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LLANGOLLEN CANAL;ELLESMERE CANAL;SHROPSHIRE UNION CANAL,

Manylion y Safle

© Copyright and database right 2021. All rights reserved. Ordnance Survey licence number 0100022206

NPRN 405725

Cyfeirnod Map SJ24SE

Cyfeirnod Grid SJ2600041441

Awdurdod Lleol Wrecsam

Hen Sir Dinbych

Cymuned Chirk

Math o Safle CAMLAS

Dosbarth Cyffredinol CLUDIANT

Cyfnod Ôl-Ganoloesol

Disgrifiad o´r Safle The Llangollen Canal, formerly known as the Ellesmere Canal, was the idea of a group of Shropshire land owners who wanted better trade routes for the export of agricultural products from the county, and who also wanted to be able to exploit the new centres of industry that had gown up around the coal fields and iron works along the Welsh border. They obtained an Act of Parliament for the canal's construction in 1793, and set up the Ellesmere Canal Company. A Committee was set up and raised money through the sale of shares in the company. William Jessop was employed as Civil Architect for the project, with Thomas Telford beneath him carrying out the duties of architect, engineer, overseer and numerous other tasks involved in the day to day running of the project.

The ultimate objective of the project was to link the Atlantic ports of Liverpool and Bristol by creating inland waterways between the Mersey and the Dee across the Wirral, the Dee at Chester and the Severn at Shrewsbury. Two main routes for the canal were considered, known as the Eastern and Western Routes due to the fact that they ran to the east and west of the River Dee respectively. Although crossing more difficult terrain, the Western Route was adopted and construction began.

By 1795 the Wirral canal, and the Frankton to Llanymynach Branch line were completed, and between 1795 and 1805 the Hurleston to Llangollen section was built. The countryside that this section crossed was mountainous and posed Jessop and Telford with their greatest engineering challenges. Two major tunnels, the Chirk Tunnel and the Whitehurst Tunnel, had to be bored, as well as a number of open cuttings, but the two major challenges were provided by having to cross the Ceiriog to the west of Chirk and the River Dee to the south of Pontcysyllte. In both instances Jessop and Telford abandoned the traditional idea of building low level stone and clay aqueducts with locks to raise and lower the level of the canal, in favour of high level crossings that could continue the levels of the canal uninterrupted. In order to produce such lofty structures, the design of each relied on the revolutionary use of cast iron to produce watertight troughs to form the channel of the aqueduct. At the south end of the Pontcysyllte Aqueduct the canal continued long the Pontcysyllte embankment, at the time the largest earthwork in Europe.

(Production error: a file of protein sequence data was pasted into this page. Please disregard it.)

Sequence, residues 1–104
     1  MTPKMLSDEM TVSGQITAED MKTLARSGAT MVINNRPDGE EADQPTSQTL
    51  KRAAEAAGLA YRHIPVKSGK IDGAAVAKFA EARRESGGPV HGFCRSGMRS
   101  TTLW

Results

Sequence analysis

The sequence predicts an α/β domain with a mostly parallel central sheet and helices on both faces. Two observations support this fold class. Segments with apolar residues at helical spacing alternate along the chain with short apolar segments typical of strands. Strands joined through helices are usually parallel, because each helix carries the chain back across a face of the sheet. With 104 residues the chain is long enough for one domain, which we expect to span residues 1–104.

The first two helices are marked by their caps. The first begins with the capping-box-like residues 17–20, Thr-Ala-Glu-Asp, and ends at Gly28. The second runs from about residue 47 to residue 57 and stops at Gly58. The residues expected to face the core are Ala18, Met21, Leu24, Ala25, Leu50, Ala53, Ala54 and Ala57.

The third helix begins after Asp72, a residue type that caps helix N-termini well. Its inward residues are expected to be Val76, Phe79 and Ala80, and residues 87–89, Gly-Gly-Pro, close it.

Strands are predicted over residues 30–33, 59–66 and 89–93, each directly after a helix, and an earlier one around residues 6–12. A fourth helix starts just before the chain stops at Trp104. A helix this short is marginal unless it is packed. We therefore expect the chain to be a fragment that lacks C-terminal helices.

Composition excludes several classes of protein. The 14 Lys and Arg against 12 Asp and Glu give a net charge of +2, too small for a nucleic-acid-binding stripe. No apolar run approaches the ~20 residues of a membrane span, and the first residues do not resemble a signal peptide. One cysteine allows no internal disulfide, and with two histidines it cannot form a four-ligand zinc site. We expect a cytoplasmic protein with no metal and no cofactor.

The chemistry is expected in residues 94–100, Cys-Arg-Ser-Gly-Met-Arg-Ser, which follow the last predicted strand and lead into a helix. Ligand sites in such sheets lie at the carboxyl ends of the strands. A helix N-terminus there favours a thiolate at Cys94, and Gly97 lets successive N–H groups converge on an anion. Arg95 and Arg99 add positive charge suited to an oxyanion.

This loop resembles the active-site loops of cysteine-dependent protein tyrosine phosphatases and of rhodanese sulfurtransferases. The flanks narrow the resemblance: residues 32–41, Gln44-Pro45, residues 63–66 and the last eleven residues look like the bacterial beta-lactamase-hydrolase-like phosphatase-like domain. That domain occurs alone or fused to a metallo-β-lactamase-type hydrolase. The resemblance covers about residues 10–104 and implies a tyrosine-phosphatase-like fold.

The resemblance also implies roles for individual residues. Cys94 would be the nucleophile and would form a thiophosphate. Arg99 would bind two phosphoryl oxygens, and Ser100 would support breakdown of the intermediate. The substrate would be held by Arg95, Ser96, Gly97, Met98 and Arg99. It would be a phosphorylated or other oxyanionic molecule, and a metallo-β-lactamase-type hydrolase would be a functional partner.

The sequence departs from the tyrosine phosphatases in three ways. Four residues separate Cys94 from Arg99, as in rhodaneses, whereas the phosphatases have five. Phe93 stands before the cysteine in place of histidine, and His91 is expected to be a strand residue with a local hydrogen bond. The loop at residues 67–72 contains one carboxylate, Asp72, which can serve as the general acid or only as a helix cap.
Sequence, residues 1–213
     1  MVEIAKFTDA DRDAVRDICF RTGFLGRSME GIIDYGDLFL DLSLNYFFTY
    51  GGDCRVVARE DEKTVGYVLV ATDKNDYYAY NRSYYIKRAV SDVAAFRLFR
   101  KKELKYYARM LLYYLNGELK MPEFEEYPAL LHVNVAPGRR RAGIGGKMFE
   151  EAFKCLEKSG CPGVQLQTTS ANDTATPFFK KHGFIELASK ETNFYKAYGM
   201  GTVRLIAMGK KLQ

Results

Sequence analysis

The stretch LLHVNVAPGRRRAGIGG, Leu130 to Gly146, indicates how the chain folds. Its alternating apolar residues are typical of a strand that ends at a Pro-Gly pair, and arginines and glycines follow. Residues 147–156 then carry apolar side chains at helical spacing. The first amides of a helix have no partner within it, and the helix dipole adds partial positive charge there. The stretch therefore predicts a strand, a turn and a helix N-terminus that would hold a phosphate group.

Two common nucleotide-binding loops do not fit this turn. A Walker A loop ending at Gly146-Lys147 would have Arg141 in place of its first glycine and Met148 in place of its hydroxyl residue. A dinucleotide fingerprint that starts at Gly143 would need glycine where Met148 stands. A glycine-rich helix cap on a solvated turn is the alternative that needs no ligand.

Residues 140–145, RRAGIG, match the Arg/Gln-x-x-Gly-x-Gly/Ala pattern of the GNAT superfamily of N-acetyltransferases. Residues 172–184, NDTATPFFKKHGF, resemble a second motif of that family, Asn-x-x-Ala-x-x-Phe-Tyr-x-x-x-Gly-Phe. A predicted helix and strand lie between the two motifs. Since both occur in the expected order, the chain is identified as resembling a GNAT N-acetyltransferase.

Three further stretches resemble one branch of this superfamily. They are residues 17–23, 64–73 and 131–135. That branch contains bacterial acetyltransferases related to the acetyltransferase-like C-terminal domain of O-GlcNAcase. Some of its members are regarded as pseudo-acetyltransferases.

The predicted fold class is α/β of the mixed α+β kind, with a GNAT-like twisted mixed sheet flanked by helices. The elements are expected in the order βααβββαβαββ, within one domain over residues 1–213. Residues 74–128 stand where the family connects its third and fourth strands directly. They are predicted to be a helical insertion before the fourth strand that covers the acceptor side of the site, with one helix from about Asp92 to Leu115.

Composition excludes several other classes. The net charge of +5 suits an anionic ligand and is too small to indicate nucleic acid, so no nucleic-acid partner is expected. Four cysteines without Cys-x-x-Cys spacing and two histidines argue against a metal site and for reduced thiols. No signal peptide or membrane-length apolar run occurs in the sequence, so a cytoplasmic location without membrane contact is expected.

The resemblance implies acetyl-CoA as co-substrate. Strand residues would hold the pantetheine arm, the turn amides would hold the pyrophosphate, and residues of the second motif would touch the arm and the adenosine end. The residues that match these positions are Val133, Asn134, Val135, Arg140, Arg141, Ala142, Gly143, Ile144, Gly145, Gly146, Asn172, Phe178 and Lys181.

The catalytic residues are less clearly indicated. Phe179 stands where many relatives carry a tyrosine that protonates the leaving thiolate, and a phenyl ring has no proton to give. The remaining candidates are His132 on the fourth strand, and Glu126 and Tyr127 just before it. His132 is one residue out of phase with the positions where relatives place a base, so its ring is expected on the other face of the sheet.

By 1800 the idea of constructing the whole western Route had to be abandoned, and the link from Chester through to Shrewsbury was never realised. Instead a number of tramways were constructed linking the industries around Wrexham, Ruabon, Bersham and Brymbo to the Trefor Wharf at the north end of the Pontcysyllte Aqueduct, the limestone quarries and limeworks around Pant, Porthywaen, Nantymawr and Llanyblodwel to the Llanymynach branch line and slate quarries at Oernant and Glyn Ceriog to wharfs on the Hurleston to Llangollen section. This was renamed the Llangollen Canal.

These excellent combined transport routes led to many new industries growing up in the area, including flour milling, brick making and chemical plants. Eventually however, the railways began to dominate the transportation trade, the canal becoming subsidiary to them. In 1944 many sections of the canal were closed, the Hurleston to Llangollen section surviving due to its use by various Water Boards as an open pipeline. In recent years the growth of tourism has ensured the future of the canal, the Llangollen Canal being one of the most popular waterways for canal holidays in Britain.

S Fielding, RCAHMW, 12 February 2007

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